DSC03465Crown Hill Cemetery was incorporated as a non-profit, non-sectarian cemetery in September 1863.  The cemetery originally included 236 acres of farmland located north of Indianapolis, Indiana.  The first interment, of Lucy Ann Seaton, took place on June 2, 1864.  In 1866, the federal government purchased a portion of the cemetery and dedicated it as a national cemetery for the interment of Union soldiers.  Additional acreage was purchased in 1869, 1886, 1887, and 1911. The cemetery currently includes 555 acres, which makes it the country's third largest cemetery. 

I grew up a mile away from Crown Hill Cemetery and it has always been at the edge of my consciousness.  It has only been in the last few years that I've taken the time to really explore the cemetery, which serves as a guide to the history of the city of Indianapolis.  My most recent visit took place on November 8, 2016. 

Crown Hill Cemetery is named, transparently, for a hill known as "The Crown."  Before Indianapolis merged with Marion County in the 1970s, The Crown was the highest point in the city.  (For those interested in Indianapolis trivia, the highest point is now in Pike Township.)  At the top of The Crown is the tomb of James Whitcomb Riley.  Riley, known as the "Hoosier Poet," was born in Greenfield, Indiana in 1849.  Although Riley is now little known outside of Indiana, he was famous in his day, primarily for his poems "Little Orphant Annie" ("An' the Gobble-uns 'at gits you Ef you Don't Watch Out!") and "The Raggedy Man."  His death in 1916 was national news.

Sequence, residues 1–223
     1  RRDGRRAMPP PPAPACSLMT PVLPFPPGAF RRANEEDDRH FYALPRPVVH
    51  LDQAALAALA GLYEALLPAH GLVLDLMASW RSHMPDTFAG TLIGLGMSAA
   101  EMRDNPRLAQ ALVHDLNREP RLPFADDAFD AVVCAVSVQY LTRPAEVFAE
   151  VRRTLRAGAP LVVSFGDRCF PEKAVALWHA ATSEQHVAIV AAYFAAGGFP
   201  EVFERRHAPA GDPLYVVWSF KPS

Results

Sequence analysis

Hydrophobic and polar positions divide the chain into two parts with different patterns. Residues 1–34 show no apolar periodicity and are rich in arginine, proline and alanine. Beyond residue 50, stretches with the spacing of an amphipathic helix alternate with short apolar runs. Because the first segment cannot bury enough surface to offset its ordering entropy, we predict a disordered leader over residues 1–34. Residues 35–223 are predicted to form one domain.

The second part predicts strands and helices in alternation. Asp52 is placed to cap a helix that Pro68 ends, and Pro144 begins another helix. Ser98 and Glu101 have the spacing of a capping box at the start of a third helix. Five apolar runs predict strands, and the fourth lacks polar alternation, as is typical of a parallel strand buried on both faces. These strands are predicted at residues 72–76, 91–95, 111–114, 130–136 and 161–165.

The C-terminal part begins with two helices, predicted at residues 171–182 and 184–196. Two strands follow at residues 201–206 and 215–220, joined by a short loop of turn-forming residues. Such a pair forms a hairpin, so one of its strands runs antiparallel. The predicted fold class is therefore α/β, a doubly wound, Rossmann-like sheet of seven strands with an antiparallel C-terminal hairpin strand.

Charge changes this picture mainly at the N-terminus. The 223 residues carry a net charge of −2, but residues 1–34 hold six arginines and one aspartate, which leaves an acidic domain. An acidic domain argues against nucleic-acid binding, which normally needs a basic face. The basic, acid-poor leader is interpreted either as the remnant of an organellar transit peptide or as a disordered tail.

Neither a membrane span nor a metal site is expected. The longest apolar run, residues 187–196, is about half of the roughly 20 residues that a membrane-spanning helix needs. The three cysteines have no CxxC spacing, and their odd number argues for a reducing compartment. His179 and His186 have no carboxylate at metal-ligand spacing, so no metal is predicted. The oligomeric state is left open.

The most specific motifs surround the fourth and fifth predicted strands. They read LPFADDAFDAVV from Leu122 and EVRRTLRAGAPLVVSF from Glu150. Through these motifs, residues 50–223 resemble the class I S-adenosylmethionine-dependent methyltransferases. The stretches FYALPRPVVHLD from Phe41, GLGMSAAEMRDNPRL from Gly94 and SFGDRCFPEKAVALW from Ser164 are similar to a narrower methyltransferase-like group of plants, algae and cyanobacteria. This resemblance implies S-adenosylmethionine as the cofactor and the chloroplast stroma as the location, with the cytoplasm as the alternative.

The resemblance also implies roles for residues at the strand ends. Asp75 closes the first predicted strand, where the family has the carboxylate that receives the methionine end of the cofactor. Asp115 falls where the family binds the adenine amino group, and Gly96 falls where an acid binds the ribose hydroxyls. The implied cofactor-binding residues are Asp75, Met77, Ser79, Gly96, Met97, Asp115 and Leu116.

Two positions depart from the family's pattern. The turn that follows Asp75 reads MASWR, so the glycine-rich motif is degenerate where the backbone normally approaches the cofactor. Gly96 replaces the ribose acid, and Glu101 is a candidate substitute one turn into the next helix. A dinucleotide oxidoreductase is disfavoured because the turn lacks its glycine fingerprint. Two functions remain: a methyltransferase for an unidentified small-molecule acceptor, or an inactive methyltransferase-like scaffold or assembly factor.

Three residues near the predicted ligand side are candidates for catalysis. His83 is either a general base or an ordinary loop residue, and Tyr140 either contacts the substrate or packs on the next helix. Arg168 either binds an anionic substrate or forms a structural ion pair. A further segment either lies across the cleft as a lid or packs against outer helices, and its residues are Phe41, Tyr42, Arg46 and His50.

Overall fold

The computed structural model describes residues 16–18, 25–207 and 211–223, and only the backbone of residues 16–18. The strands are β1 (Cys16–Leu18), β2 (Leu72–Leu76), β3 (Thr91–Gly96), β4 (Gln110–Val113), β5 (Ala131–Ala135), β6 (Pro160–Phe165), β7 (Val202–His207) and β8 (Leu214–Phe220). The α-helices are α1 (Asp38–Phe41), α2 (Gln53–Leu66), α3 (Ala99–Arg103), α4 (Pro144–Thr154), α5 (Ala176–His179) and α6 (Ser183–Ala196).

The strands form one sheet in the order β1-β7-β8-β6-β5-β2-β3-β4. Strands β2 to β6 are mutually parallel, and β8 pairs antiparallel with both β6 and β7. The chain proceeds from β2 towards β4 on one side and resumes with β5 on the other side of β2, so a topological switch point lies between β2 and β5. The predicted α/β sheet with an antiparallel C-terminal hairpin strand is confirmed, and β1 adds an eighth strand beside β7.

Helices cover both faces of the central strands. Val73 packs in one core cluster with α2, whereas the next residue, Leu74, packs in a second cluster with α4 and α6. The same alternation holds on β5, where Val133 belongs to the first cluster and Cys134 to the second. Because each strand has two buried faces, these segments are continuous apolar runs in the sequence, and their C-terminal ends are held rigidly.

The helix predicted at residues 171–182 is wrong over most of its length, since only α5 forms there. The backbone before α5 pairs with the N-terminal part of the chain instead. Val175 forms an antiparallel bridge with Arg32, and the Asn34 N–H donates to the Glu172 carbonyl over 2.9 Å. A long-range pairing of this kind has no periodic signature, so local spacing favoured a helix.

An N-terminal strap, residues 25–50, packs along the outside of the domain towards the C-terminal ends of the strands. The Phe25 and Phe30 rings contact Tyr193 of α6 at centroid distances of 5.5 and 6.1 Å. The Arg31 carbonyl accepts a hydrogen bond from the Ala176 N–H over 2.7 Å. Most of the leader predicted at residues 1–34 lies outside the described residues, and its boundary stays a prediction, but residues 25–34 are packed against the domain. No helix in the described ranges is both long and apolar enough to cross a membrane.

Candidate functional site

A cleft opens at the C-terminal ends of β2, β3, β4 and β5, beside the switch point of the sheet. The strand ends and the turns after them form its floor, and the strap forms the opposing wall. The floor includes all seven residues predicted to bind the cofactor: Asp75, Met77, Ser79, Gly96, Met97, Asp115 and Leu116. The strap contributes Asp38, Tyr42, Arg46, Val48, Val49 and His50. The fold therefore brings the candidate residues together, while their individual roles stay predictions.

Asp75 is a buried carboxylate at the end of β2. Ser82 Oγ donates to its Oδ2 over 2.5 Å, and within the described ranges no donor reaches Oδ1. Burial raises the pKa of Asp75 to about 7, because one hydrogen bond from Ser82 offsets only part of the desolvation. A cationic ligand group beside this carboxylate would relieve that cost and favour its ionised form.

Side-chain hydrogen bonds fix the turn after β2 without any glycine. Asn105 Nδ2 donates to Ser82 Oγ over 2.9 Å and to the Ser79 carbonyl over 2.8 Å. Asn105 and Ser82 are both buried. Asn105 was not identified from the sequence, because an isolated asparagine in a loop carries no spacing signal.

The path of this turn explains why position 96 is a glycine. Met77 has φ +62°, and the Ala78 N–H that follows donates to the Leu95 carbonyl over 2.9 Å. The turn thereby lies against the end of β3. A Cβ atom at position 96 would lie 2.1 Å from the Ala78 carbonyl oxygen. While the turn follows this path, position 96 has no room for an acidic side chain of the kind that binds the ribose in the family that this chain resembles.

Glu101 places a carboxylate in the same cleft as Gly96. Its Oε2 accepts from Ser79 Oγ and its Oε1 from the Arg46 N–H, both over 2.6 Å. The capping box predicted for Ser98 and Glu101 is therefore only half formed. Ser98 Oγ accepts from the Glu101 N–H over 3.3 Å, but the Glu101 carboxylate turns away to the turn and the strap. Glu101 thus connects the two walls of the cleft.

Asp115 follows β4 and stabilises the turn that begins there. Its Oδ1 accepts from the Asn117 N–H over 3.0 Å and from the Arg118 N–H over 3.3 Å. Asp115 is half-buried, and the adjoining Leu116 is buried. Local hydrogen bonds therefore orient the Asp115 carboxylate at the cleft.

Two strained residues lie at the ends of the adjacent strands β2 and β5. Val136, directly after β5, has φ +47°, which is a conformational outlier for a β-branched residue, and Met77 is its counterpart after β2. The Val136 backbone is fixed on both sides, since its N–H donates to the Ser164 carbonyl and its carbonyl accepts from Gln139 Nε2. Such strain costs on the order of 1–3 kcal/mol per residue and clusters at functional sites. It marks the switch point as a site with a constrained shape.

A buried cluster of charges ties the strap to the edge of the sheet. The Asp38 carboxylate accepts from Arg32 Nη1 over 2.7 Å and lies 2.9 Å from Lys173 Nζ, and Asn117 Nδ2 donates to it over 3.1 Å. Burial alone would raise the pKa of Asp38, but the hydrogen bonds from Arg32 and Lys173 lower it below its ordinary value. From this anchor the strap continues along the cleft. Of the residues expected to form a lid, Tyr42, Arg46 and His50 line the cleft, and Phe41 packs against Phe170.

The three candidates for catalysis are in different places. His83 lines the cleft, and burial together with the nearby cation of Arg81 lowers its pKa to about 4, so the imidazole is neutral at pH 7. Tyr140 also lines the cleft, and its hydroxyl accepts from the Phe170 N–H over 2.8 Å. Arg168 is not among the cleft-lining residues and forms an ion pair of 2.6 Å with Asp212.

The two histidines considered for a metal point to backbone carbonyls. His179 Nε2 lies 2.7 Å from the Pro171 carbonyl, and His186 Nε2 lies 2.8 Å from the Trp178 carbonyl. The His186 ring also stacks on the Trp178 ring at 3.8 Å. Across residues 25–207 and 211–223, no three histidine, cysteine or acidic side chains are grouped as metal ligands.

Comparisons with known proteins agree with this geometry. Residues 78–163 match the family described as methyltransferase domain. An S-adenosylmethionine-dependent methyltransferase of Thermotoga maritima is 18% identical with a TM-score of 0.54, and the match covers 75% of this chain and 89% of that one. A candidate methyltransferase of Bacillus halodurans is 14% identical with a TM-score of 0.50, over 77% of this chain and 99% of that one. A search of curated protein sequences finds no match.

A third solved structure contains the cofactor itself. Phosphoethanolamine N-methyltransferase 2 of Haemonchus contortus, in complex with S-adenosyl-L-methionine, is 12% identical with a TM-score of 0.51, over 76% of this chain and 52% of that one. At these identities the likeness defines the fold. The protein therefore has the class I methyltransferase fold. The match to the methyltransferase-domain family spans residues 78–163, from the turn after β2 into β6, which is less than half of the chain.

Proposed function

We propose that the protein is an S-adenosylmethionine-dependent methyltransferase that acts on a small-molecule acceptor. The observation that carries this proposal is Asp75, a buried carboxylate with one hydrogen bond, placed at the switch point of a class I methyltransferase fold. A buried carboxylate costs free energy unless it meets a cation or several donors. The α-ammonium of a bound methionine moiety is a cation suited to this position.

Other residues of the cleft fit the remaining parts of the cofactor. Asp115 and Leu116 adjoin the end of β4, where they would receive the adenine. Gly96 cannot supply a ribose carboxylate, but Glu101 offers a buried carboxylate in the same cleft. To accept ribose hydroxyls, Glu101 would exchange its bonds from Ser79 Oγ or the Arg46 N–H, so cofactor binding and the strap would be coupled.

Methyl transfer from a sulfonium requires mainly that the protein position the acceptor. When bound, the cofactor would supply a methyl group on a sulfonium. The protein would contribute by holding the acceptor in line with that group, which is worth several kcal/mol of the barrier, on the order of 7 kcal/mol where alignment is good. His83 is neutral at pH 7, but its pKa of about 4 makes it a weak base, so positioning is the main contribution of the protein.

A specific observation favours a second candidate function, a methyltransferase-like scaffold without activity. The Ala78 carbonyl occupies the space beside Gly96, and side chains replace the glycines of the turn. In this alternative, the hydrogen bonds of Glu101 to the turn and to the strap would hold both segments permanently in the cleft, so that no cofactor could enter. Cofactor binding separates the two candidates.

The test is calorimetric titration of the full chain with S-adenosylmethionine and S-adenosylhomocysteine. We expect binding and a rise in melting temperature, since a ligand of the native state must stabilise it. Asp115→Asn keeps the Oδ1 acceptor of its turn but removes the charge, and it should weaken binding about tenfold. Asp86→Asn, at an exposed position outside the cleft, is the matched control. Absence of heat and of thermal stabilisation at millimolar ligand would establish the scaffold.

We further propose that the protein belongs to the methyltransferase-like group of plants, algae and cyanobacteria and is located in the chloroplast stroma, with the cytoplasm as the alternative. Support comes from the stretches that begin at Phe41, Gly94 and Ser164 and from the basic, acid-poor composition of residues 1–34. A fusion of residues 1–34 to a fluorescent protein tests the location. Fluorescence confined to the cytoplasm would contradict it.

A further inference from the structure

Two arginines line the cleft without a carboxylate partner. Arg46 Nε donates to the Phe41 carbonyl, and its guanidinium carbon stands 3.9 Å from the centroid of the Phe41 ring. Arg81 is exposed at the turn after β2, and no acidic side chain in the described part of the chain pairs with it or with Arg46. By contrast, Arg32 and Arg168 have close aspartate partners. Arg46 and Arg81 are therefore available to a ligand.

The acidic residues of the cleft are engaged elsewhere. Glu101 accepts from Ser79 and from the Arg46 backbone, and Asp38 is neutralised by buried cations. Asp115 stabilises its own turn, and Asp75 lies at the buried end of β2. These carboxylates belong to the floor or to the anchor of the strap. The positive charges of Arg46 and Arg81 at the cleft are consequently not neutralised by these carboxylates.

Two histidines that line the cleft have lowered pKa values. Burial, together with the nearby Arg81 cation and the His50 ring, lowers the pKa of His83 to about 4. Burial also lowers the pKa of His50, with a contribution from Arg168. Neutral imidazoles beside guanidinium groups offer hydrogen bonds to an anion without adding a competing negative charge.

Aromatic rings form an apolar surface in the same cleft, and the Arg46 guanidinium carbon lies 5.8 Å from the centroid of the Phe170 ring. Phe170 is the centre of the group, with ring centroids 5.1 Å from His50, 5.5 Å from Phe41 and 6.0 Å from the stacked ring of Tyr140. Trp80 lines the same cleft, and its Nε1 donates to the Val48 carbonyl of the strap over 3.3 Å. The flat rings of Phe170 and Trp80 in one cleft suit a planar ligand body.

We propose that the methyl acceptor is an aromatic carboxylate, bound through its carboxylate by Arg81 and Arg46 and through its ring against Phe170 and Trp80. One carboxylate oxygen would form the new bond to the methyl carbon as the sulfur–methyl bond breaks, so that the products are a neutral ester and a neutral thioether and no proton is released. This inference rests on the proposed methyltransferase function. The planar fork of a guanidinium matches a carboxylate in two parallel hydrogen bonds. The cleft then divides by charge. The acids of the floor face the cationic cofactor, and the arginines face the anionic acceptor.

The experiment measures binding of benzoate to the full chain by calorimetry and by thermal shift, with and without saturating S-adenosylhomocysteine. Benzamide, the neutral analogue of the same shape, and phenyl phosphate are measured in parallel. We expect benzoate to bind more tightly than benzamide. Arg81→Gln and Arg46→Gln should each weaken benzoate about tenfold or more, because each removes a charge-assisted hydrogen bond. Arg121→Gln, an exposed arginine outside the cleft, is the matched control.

Continue reading "Cemetery Tourist: Crown Hill Cemetery In Indianapolis, Indiana" »

Who gets to choose whether a body is moved?

On November 1, 2014, a West Michigan family buried their loved one, Shirley Sisco, at Pretty Prairie United Methodist Cemetery in Howe, Indiana. Sisco laid to rest for nearly years surrounded by other deceased members of her family. 

All of this changed when members of Sisco's family were informed that the cemetery had plans to dig a driveway right where Sisco was buried. Apparently, Sisco was buried in the wrong location, and the driveway construction was planned at the time of her burial.